Point Grey candidates talk campaign finance reform and marijuana legalization

Six days ahead of the BC provincial elections, three of the candidates pursuing the Vancouver-Point Grey riding seat — Amanda Konkin, David Eby and James Lombardi — debated issues such as the legalization of marijuana, health care and the Kinder Morgan pipeline expansion this past Wednesday. The debate was hosted and moderated by the West Point Grey Residents Association.

The first question was the contentious topic of campaign finance reforms, largely in reference to the New York Times calling BC the “Wild West” of political donations. British Columbia is one of the few provinces (along with Saskatchewan, Prince Edward Island and Newfoundland) to have almost no restrictions on campaign donations.

Konkin proudly responded that the BC Green party is the only major party to have banned corporate and union donations. She added that the BC Greens were now running one of their most visible campaigns funded by individuals because “that’s what people want — they want parties with integrity.”

Lombardi said that as somebody who had worked previously in the charitable sector, “fundraising has never been a dirty word.” He said that if the BC Liberals were to be re-elected, they would bring forward an independent panel to make recommendations on how to reform campaign finances.

Eby said that he was the one who filed a complaint to the BC Conflict of Interest Commissioner when it was discovered that Christy Clark participated in private dinner parties where donors paid thousands of dollars to meet with her. His complaint was ultimately dismissed by the commissioner, but Eby asserted that the rules need to be fixed and that it would be the first bill introduced if the BC NDP were elected.

Staying true to local concerns, the candidates also discussed the Broadway subway line.

“We sat at UBC just a few weeks ago and when asked, Mr. Eby said ‘absolutely, we’ll build the extension out to UBC.’ When I said ‘what about public consultation? What about a business case?’ he scoffed,” said Lombardi. He asserted that ultimately it is necessary to have a business plan and consultation with constituents.

In response, Eby stated that he was a proud supporter of rapid light rail transit out to UBC and was sick of the 99 B-Line. 

“Here’s a government that will spend $9 to 11 billion on Site C dam and exempt it from the utilities commission that’s supposed to have oversight on this project so that the utilities commission doesn’t tell the government what they already know, which is that we don’t need the power,” he said. “Here’s a government that’s going to spend $5 billion on the Massey bridge extension without any business case — and then I get criticized for saying, ‘why are we building the subway halfway?’”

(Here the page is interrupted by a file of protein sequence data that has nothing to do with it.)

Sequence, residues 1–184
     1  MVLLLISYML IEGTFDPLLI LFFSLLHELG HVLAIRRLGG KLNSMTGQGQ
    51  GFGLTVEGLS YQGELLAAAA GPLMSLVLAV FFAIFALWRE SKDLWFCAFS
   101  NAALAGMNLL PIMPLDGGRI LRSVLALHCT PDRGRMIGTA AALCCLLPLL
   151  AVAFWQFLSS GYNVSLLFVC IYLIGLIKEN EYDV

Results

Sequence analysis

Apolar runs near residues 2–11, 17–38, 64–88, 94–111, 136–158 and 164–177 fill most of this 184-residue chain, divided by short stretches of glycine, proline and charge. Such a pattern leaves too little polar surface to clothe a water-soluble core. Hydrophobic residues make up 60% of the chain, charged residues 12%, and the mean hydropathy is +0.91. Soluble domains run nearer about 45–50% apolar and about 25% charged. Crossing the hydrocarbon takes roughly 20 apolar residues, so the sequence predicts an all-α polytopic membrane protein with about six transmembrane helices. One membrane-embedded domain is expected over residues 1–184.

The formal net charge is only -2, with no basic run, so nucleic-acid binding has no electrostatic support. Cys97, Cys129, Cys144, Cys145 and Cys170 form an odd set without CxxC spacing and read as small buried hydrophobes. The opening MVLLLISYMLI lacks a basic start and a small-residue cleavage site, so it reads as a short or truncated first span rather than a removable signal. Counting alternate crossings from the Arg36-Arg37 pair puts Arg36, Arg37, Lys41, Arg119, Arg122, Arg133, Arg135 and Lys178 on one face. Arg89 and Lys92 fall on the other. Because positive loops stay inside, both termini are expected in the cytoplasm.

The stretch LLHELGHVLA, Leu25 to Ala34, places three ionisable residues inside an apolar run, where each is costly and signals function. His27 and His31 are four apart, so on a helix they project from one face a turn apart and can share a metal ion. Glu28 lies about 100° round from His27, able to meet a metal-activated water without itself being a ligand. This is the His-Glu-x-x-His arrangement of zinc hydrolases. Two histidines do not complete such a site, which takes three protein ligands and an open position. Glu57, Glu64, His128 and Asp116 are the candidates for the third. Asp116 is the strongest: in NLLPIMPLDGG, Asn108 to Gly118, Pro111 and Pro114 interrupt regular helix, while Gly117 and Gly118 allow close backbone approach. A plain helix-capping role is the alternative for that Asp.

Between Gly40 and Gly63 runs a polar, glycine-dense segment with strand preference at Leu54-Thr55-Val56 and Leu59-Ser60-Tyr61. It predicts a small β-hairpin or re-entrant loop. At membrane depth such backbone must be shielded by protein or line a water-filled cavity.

Konkin reiterated the importance of community consultation and rethinking the idea of community, which she believes is not the role of the province, but should support the decisions of the community.

“We’re going to have to keep re-examining this,” she said. “It’s not as if it’s a quick fix, it’ll be something that is continually needed in consultation for how we want to grow as a city and Vancouver, and I think the strongest voices to listen to in that conversation are the people who are going to be affected by it.”

On the issue of the Kinder Morgan pipeline expansion, Konkin said that BC Green Party leader Andrew Weaver has actively spoken out against the approval of the pipeline and that the government should be investing in sustainable enterprise.

Tasked with defending his party, Lombardi stated that the Kinder Morgan approval was the decision of the federal government. 

“To say that the provincial government could have somehow stopped this federal decision would be disingenuous,” he said. Instead, they “fought tooth and nail” for an ocean protection act.

Eby disagreed and said that the province actually did have a say in the decision.

“When bitumen spills, it doesn’t matter if we have $1.5 billion in coast guard money,” he said, referring to the ocean protection act that Lombardi mentioned. “When it spills, we’re not going to be able to clean it up. This is a huge risk to take with very little return.”

The final topic was on the legalization of marijuana and provincial control of cannabis. Eby chose to focus on the current existence of organized crime in Vancouver and improving treatment options. Konkin noted that the BC Greens platform did not include marijuana, saying that the party is interested in looking at the best evidence-based policies that they can while working with the federal government. Lombardi said that the provincial government would have about a year to figure out how to proceed with legislation after the federal government signs off on it (likely in time for Canada Day, 2018), promising that the policy would be informed by an independent panel of scientists and that the revenue generated by sales would go to drug awareness and gang violence prevention.

Other issues that the candidates discussed included the BC real estate crisis, public school funding and provincial debt. A recording of the whole debate can be found online.

General voting day is May 9.